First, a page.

In response to questions from The Globe, Catherine Legge, executive producer of the fifth estate, said in an e-mail: “As you might anticipate, we would never comment on any story that is still in the formative stages. That said, the bar for any story must meet the public interest.”

One women’s rights advocate said the proposed series could retraumatize those who were sexually assaulted by Mr. Bernardo. “We focus on the three murders – which we should – but there’s also at least a dozen or more sexual-assault victims who are very much alive, who are going to have to relive this, not to mention the family members of the women who were killed,” Julie Lalonde, an Ottawa-based public educator, said in an interview. “I don’t want to speak for them, but I cannot imagine them finding this to be a beneficial conversation. To have their lives thrown back into the spotlight.”

In an e-mail seeking an interview sent to a Toronto activist and obtained by The Globe, a fifth estate producer compared the proposed series to popular true-crime documentaries. “We’ve seen the benefits of recent documentary series re-visiting historic and culture-defining criminal cases like the O.J. Simpson double homicide trial and the two Lorena Bobbitt trials," the e-mail said. "Despite an intense media spotlight on stories like these at the time, we’re discovering that re-examining the case through today’s lens is especially enlightening.”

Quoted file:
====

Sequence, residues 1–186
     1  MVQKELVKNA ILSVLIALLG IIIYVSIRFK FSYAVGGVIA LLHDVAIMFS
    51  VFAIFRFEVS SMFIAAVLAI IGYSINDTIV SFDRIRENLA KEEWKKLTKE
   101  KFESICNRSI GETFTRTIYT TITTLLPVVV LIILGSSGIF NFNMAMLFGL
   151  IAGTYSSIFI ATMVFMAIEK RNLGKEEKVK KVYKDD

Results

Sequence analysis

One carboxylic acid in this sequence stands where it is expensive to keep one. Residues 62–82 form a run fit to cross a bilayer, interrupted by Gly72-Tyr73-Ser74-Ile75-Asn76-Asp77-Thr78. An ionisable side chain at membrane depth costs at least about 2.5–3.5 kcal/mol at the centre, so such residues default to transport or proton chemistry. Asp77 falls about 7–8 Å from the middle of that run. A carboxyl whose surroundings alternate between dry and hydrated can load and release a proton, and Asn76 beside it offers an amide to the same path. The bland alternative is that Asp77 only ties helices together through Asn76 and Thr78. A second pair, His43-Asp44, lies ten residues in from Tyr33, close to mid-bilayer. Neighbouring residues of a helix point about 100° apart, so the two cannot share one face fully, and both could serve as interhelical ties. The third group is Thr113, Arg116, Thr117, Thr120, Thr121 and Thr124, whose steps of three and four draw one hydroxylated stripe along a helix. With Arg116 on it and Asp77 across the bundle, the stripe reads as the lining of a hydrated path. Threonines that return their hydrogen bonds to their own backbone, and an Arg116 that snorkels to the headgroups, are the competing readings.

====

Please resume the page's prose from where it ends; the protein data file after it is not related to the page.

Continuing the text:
The e-mail notes that the intent is not “to further sensationalize these crimes. ... The multi-episode program we are producing will focus on the crimes, but more importantly, we will explore the impact and lessons learned in the quarter-century since Bernardo’s and Homolka’s arrests and trials. This will be a fresh perspective. We are exploring the lasting impacts on everything and everyone, including the victims, police, the legal community, the media and society in general. As you can appreciate, many issues related to the crimes still echo all these years later.”

Ms. Lalonde said that, while the goal may be laudable, the series would do more harm than good. “This idea that, in the MeToo era, there’s value in revisiting the story – looking at police negligence for example, legal system failures, survivors not being believed, culturally – we can absolutely have that conversation without focusing on Bernardo. There have been literally millions of stories shared over the last two years of MeToo that could have been launching points for conversations around those very things. Centering it around him just feels like sensationalizing a case, and really jumping on the true-crime bandwagon.”